TNF-alpha and the IFN-gamma-inducible protein 10 (IP-10/CXCL-10) delivered by parvoviral vectors act in synergy to induce antitumor effects in mouse glioblastoma
Enderlin, M × Kleinmann, E V Struyf, Sofie Buracchi, C Vecchi, A Kinscherf, R Kiessling, F Paschek, S Sozzani, S Rommelaere, J Cornelis, J J Van Damme, Jozef Dinsart, C #
Appleton & Lange
Cancer Gene Therapy vol:16 issue:2 pages:149-60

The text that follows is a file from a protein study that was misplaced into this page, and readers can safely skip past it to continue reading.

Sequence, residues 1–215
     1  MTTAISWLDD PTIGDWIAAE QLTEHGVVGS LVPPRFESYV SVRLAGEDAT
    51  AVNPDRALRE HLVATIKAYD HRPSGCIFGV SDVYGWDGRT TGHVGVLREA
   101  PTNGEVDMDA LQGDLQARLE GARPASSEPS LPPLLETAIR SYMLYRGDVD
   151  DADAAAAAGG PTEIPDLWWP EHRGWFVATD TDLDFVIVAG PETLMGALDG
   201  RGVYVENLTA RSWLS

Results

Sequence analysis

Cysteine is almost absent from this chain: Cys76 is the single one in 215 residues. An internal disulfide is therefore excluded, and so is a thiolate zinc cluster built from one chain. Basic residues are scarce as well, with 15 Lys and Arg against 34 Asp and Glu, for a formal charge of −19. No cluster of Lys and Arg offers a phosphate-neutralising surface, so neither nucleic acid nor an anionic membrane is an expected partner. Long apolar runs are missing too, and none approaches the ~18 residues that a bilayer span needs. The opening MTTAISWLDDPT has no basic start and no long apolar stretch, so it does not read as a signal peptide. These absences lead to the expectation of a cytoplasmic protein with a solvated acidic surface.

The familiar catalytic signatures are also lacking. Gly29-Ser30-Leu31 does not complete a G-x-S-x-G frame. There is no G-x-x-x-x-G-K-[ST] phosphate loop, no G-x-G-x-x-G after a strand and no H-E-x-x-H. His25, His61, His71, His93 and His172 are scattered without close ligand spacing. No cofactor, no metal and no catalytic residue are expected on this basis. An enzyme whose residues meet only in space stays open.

Interferon-gamma-inducible protein 10 is a potent chemoattractant for natural killer cells and activated T lymphocytes. It also displays angiostatic properties and some antitumor activity. Tumor necrosis factor-alpha (TNF-alpha) is a powerful immunomodulating cytokine with demonstrated tumoricidal activity in various tumor models and the ability to induce strong immune responses. This prompted us to evaluate the antitumor effects of recombinant parvoviruses designed to deliver IP-10 or TNF-alpha into a glioblastoma. When Gl261 murine glioma cells were infected in vitro with an IP-10- or TNF-alpha-transducing parvoviral vector and were subcutaneously implanted in mice, tumor growth was significantly delayed. Complete tumor regression was observed when the glioma cells were coinfected with both the vectors, demonstrating synergistic antitumor activity. In an established in vivo glioma model, however, repeated simultaneous peritumoral injection of the IP-10- and TNF-alpha-delivering parvoviruses failed to improve the therapeutic effect as compared with the use of a single cytokine-delivering vector. In this tumor model, cytokine-mediated immunostimulation, rather than inhibition of vascularization, is likely responsible for the therapeutic efficacy.